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LIVE MARKETS-Italy: plenty to catch up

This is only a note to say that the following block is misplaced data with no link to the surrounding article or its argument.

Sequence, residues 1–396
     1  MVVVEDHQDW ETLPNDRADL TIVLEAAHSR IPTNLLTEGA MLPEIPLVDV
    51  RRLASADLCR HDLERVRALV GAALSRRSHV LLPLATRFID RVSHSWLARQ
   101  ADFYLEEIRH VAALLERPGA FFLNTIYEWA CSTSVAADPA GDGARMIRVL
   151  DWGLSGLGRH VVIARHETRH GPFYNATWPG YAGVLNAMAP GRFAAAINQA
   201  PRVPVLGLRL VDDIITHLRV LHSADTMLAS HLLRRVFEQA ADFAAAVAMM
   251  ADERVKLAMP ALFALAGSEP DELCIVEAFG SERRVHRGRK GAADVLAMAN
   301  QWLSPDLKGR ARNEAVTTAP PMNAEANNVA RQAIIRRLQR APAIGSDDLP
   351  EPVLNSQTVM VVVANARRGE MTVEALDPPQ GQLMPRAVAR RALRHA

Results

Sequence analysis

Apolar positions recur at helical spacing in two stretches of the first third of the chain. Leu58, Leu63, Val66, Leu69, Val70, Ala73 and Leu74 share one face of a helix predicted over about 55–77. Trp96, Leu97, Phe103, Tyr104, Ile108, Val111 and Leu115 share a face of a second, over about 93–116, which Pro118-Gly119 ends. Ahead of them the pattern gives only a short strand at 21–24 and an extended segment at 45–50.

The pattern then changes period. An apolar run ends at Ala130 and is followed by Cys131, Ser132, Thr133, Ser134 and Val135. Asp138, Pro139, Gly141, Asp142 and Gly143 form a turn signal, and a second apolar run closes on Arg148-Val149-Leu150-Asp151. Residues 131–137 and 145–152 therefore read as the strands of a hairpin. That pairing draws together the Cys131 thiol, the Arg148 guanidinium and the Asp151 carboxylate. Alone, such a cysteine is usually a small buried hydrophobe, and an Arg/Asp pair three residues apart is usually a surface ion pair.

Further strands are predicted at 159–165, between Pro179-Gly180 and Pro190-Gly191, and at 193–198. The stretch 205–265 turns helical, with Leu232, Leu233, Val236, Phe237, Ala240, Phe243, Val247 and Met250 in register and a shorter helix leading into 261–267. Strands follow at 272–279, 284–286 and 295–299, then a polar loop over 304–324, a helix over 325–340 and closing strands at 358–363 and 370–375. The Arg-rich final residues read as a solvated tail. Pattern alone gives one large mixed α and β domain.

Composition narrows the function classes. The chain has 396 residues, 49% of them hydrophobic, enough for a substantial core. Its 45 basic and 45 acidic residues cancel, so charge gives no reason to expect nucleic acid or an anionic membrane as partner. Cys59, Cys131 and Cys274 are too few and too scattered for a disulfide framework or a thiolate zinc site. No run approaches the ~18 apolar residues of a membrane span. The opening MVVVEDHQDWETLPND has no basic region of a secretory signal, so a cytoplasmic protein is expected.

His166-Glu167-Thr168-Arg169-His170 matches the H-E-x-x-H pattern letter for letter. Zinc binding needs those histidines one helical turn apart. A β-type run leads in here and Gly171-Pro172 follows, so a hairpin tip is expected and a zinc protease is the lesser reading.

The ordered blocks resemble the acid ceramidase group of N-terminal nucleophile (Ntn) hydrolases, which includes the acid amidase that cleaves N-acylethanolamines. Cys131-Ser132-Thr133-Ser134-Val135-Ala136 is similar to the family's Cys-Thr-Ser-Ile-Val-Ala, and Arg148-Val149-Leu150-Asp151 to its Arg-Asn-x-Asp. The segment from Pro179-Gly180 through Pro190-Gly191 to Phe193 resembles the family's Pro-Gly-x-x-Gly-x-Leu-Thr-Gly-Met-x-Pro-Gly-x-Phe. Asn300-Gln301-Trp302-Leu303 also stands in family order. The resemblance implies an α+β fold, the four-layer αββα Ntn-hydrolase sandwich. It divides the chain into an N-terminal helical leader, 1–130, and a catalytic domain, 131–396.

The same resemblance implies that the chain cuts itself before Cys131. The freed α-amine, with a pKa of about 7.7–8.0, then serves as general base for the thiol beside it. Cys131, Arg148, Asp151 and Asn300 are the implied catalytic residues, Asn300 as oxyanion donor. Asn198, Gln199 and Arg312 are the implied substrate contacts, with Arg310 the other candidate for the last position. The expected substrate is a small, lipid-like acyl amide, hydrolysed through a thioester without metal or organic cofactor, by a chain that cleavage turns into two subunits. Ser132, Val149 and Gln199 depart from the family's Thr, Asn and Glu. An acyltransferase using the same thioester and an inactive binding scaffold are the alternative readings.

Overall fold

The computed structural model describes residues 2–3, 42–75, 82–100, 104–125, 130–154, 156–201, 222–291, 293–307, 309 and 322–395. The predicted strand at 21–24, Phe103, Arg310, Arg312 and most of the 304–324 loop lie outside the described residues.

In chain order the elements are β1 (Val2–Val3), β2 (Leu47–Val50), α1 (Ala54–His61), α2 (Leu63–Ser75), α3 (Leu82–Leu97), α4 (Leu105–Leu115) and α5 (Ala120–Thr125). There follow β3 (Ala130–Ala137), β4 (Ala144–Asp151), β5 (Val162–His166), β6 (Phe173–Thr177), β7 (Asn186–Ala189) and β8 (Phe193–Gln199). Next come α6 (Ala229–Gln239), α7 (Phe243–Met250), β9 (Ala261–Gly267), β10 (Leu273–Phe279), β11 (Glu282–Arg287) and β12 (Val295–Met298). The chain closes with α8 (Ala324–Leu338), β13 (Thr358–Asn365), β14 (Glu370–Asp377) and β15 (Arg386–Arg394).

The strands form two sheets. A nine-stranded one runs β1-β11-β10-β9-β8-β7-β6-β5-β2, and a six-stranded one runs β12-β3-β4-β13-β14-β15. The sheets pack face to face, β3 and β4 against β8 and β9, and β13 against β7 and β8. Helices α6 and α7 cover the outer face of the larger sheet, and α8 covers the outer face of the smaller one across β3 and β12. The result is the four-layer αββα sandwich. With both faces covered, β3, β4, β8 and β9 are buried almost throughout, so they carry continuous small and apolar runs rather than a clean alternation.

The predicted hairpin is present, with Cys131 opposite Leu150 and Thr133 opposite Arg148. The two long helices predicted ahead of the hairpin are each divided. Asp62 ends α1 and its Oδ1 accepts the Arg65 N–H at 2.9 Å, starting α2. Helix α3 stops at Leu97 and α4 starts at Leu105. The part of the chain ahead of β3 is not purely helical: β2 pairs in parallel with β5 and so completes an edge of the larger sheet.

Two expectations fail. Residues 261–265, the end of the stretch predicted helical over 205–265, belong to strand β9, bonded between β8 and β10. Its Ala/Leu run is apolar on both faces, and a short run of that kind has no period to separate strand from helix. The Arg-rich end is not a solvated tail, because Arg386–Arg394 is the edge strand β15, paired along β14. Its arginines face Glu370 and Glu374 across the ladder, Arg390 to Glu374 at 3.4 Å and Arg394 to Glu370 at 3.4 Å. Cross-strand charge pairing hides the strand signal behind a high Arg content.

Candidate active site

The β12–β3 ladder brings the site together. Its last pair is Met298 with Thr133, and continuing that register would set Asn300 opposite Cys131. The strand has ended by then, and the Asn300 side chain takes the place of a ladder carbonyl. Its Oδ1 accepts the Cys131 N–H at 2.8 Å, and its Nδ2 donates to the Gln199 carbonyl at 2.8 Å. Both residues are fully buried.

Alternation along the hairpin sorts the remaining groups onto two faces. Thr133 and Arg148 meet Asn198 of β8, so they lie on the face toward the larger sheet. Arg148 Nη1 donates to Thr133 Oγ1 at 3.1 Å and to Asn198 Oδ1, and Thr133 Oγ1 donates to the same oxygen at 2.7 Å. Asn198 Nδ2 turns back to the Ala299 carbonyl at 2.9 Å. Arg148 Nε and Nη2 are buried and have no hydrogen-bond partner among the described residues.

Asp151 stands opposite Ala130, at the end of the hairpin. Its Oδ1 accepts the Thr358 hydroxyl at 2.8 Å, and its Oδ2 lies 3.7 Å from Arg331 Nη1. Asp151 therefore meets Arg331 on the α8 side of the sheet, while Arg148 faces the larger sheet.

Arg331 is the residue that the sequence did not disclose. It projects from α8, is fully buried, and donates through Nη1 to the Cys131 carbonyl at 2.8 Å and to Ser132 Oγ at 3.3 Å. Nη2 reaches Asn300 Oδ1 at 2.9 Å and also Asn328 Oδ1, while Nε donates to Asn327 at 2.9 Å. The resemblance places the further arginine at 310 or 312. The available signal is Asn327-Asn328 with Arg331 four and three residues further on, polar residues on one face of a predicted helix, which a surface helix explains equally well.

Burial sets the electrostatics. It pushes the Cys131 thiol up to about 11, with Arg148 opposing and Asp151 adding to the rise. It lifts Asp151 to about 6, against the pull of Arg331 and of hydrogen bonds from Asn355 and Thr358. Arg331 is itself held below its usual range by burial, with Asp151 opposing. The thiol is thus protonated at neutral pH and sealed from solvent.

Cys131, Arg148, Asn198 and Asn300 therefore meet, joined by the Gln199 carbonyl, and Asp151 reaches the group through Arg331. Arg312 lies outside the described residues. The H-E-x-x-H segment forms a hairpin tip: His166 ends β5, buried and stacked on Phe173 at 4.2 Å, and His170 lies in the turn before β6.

* STOXX 600 hits highest in nearly a year, up 0.8% * FTSE 100 driven by JD Sports, "sin" stocks * STOXX food & beverage index hits fresh record high * EU leaders choose France's Lagarde for ECB * Italy avoids EU sanction threat, bank stocks rally * S&P 500 hits fresh record high July 3 - Welcome to the home for real-time coverage of European equity markets brought to you by Reuters stocks reporters and anchored today by Thyagaraju Adinarayan. Reach him on Messenger to share your thoughts on market moves: rm://thyagaraju.adinarayan.thomsonreuters.com@reuters.net ITALY: PLENTY TO CATCH UP (1507 GMT) The European Commission's decision to drop its threat of disciplinary action against Rome and bets of more monetary stimulus (the Lagarde effect) are super-charging Italian assets. Italian banks are up 4.3%, set for their best day since mid-January, the Milan bourse is the strongest index in Europe, and Italy's government bonds are rallying too. The EU move was expected but the recent underperformance was so deep that there is plenty to catch up. Italian bank stocks - a proxy for Italian country risk due to their large holdings of government bonds - lost a fifth of their value in May as tensions over Rome's budget resurfaced, pushing the bond spread with Germany to nearly 6-month lows. "The spread levels that we've seen over the past several weeks were unjustified. These excesses were so big that the gains we've seen so far are not enough to fill the gap," says Enrico Vaccari, head of institutional sales at Consultinvest. "With the central bank's ultra expansive stance and the likelihood of another QE under Lagarde, who is much more dovish than Draghi, you can expect the catch-up to continue," he adds. Vaccari said measures to mitigate the effects of negative rates on banks will be needed, noting however that if monetary stimulus helps the economy recover, that too could alleviate the rate headwinds to bank profitability. (Danilo Masoni) ***** EBA: ANOTHER THING TO WORRY ABOUT FOR BANK STOCKS? (1233 GMT) Banks have lagged for most of today's session and while most of that is likely due to a rush back into defensives on bets Lagarde will keep the ECB in the big global dovish camp, there's another possible negative on the margins: this time from the European Banking Authority. As it finalises recommendations for the EU on meeting requirements for the Basel III accord, the banking watchdog said major EU banks face a collective shortfall of 135 billion euros to meet global capital requirements by 2027. The topic is deeply technical and while the authority's recommendations could have negative repercussions, analysts argue investors should not be overly worried about them. "EBA recommendations - a capital negative, but politicians unlikely to follow through, in our view," says Credit Suisse analyst Jan Wolter. Similar reaction from Mediobanca Securities' Andrea Filtri, who told clients: "We must remember this document is only at a recommendation stage from the EBA to the European Commission and in the past similar advices have been ignored or even challenged..." Banks in the euro zone still face big challenges, illustrated by this chart showing how the sector is trading at a record low relative to the market, as interest rates go deeper into negative territory. (Danilo Masoni) ***** INVESTORS FLOCK TO GOLD (1149 GMT) Many traders said it this morning: "buy gold" is flavour of the month as investors prepare their portfolios for a lower for (even) longer interest rate environment. Gold is seen as a safe haven to park money in during uncertain times, and at $1,420 an ounce it's near a six-year high. No surprise then that ETF flows show strengthening demand for gold. Gold ETFs brought in their largest monthly inflow in three years in June, according to UBS, with the bulk of the gains coming from U.S.-listed ETFs, while UK-listed ETFs accounted for a third of the inflows. While that indicates growing appetite for gold, especially from retail investors, a missing piece of the puzzle is Chinese investment appetite. "As gold continues to trade well, it will be interesting to see whether the upward momentum ultimately attracts investor attention in China, especially against the backdrop of lingering trade uncertainties," writes UBS strategist Joni Teves. (Helen Reid) ***** AUTO SUPPLIERS: "ENTERING THE WARNING SEASON..." (1009 GMT) Car stocks have done poorly over the last three months and some believe that the Q2 season could bring nasty surprises for the industry which is highly dependent on exports and is often traded as a proxy for trade war risks. Among those with pretty downbeat expectations are analysts at Mainfirst. In their preview on auto suppliers they say the sector is "entering the warning season...". Here are their main takeaways: * NO VISIBILITY: "The global car sales/production trend is dependent on China, as Western Europe might decline and the U.S. could continue to roll over, be it with a richer light-truck mix. After a 6-7% decline in car production in H1-19, a global volume recovery in H2-19 is uncertain. The comps are a lot easier in China and Europe, but will this be enough?" * WARNING SEASON: "H1 has probably been tougher than feared and market participants do not seem to have any visibility on H2: most might officially capitulate on 2019 outlook (Faurecia, Schaeffler) or deplete guidance either in Q2-19/H1-19 (Conti, POM) or in Q3 (Valeo, Stabilus), still assuming from a Summer viewpoint that they can still deliver on demanding targets." * CASH FLOW OR DIVIDEND AT RISK: "Most players should announce (further) cost-cutting should lacklustre production extend into Q3-19 (POM/Valeo/Leoni/Hella) to try and protect cash. Our new Valeo EPS put us 26% below consensus for 2019... We think that Valeo could slash its dividend for this year if profitability does not step up as spending bites". Below you can see share price moves on the STOXX Auto & Parts index over the last three months. Most companies have been underperforming the broader market. (Danilo Masoni) ***** DOVES FLY ON LAGARDE ECB NOMINATION (0821 GMT) The rally in Europe this morning is decidedly defensive with food & beverage, utilities, healthcare and real estate sectors leading the charge. High dividend stocks including AB InBev, British American Tobacco, Diageo, Unilever, and Nestle are among the biggest boosts to the STOXX as investors search for yield, reacting to what's likely to be a lower-for-longer interest rate environment. "There is a high risk the European Parliament rejects the current package of nominations," notes UBS global chief investment officer Mark Haefele. "But whatever the outcome, we continue to expect the ECB to remove the tightening bias from its interest rate forward guidance on July 25, and we see no rate hike next year." This morning's rally seems to suggest the dovish outcome is a boon for Europe, but UBS doesn't agree. "While the IMF chief is considered a qualified candidate, that won't necessarily make Europe a more attractive place to invest over a tactical horizon," Haefele argues. They're still recommending an underweight to euro-zone equities, saying the region isn't cheap - trading at around 13.4 times 12-month forward price/earnings compared to their fair value estimate of 12 times. (Helen Reid) ***** OPENING SNAPSHOT: GAINS IN DEFENSIVES ON DOVISH ECB PICK (0729 GMT) European stocks have opened 0.4% higher, led by strong gains in defensive sectors such as utilities, food & beverage (which hit a fresh all-time high) and real estate. The pan-European STOXX 600 hit a 2-month high, wiping off losses from the trade war escalation in May. Meanwhile the euro zone's banking index is sliding 0.6% after Christine Lagarde was named as the next ECB president, a pick interpreted as dovish and meaning lenders will have to wait even longer for a rate rise. Britain's FTSE 100 is outperforming other European indices, driven by "sin" stocks and a further slide in sterling. PM candidate Boris Johnson's pledge to launch a review into so-called sin taxes on products high in salt, fat and sugar are helping soft drinks makers rise. Drinks makers Britvic and Fevertree are up 0.7-1% while sweetener maker Tate & Lyle is up 1.6%. As expected, Sainsbury's slipped 2% after its first-quarter sales were hit by weak demand for clothing and general merchandise. It's quickly recovered, though, last trading down just 0.3%. Sportswear retailer JD Sports is among top risers on the FSTE 100 after the company said it's confident of meeting profit expectations. (Thyagaraju Adinarayan) ***** ON OUR RADAR: UK RETAIL, CYBERSECURITY FIRMS, CHIPS, BAYER (0641 GMT) European stocks are set to open flat to slightly higher amid general optimism that incoming ECB president Christine Lagarde will maintain the central bank's dovish stance, keeping interest rates lower for longer, while the euphoria following the U.S.-China trade talks fade. U.S. President Trump's appointments for Fed announced overnight are also considered dovish. Her appointment may pressure banks though. Banks, retail, chipmakers and cybersecurity firms are making headlines this morning. UK-based grocer Sainsbury's shares are seen under pressure after reporting a third straight quarter of declining underlying sales, while JD Sports is being called 2% higher after the sportswear retailer said it saw "encouraging" like-for-like sales growth and is confident of profit meeting expectations. Traders expect UK cybersecurity companies Avast and Sophos to rise 3% on Broadcom's plans to buy Symantec. Chip stocks are back in focus amid confusion over the easing of the U.S. ban on Huawei. A senior U.S. official told the Commerce Department's enforcement staff that China's Huawei should still be treated as blacklisted, a marked difference from Trump's statement over the weekend. A pledge by Boris Johnson to launch a review into the so-called sin taxes on products high in salt, fat and sugar if he wins the contest for leader are likely to boost shares in UK drinks makers, ABFoods, Fevertree, AG Barr and Britvic. Some dealers see the shares rising as he would look into whether or not the levies "unfairly hit those on lower incomes" even amid pressure to put taxes on high salt and fat content. More headlines: JD Sports says confident of profit meeting expectations U.S. judge to slash $80 million Roundup jury verdict-court hearing CBRE Group to buy Telford Homes for 267.4 million pounds Serco agrees to 19 mln pound fine over electronic tagging fraud (Thyagaraju Adinarayan) ***** LAGARDE'S APPOINTMENT, HUAWEI DRAMA, DEUTSCHE BANK (0628 GMT) European stock futures are rising marginally, but the big news today is Christine Lagarde's nomination as the next ECB chief. We're looking out for reactions in European banking stocks. "Lagarde is a dovish pick and likely to continue in the footsteps of Mario Draghi in her willingness to use the tools at the ECB's disposal to further monetary goals," JPM economists write. "As a seasoned crisis-fighter, Lagarde will share Draghi’s taste for aggressive and innovative monetary policy, especially as her appointment means the more hawkish Bundesbank President Weidmann misses out.... lower for longer, NIRP, coordinated easing = buy gold," writes a trader. The rally in chip stocks so far this week could come to a grinding halt as a senior U.S. official told the Commerce Department's enforcement staff that China's Huawei should still be treated as blacklisted, a marked difference from Trump's statement over the weekend. Otherwise, it's been dull on the corporate news front. Deutsche Bank shares are sliding 0.8% premarket on a Wall Street Journal report the troubled German lender held talks with Citigroup, BNP Paribas and others over the possible sale of parts of its equities business. British supermarket group Sainsbury's reports the third straight quarter of declining underlying sales, particularly hurt by weak clothing and general merchandise markets. And Purplebricks Group says it will pull out of the U.S. market in the latest setback for the struggling British online estate agent which is already preparing to exit Australia. Key headlines: DB held talks with Citi, BNP on shedding chunk of equities business -WSJ Sales at UK's Sainsbury's fall for third straight quarter Purplebricks says to pull out of U.S. business Vivendi urges Mediaset to revoke loyalty share scheme Amazon to add over 2,000 jobs in Britain this year U.S. govt staff told to treat Huawei as blacklisted Roche says one-dose Xofluza flu drug as good as older Tamiflu in kids (Thyagaraju Adinarayan) ***** EUROPE STOCKS SEEN OPENING FLAT TO SLIGHTLY HIGHER (0520 GMT) European stocks are set to open flat to slightly higher as the euphoria from U.S.-China trade truce fades. The pan-European STOXX 600 index has risen 1.8% over the last three days. Financial spreadbetters IG expect London's FTSE to open 9 points higher at 7,568, Frankfurt's DAX to open 7 points higher at 12,534, and Paris' CAC to open 2 points lower at 5,575. Big news from last evening: France's Christine Lagarde was nominated to replace Mario Draghi as the new head of the European Central Bank. "The nomination of Lagarde as head of the ECB should provide some relief given that Jens Weidmann (hawkish) will not be replacing Mario Draghi," Credit Suisse analysts say. Let's see how the European banking stocks react to the news. (Thyagaraju Adinarayan) ***** (Reporting by Danilo Masoni, Helen Reid, Josephine Mason and Thyagaraju Adinarayan)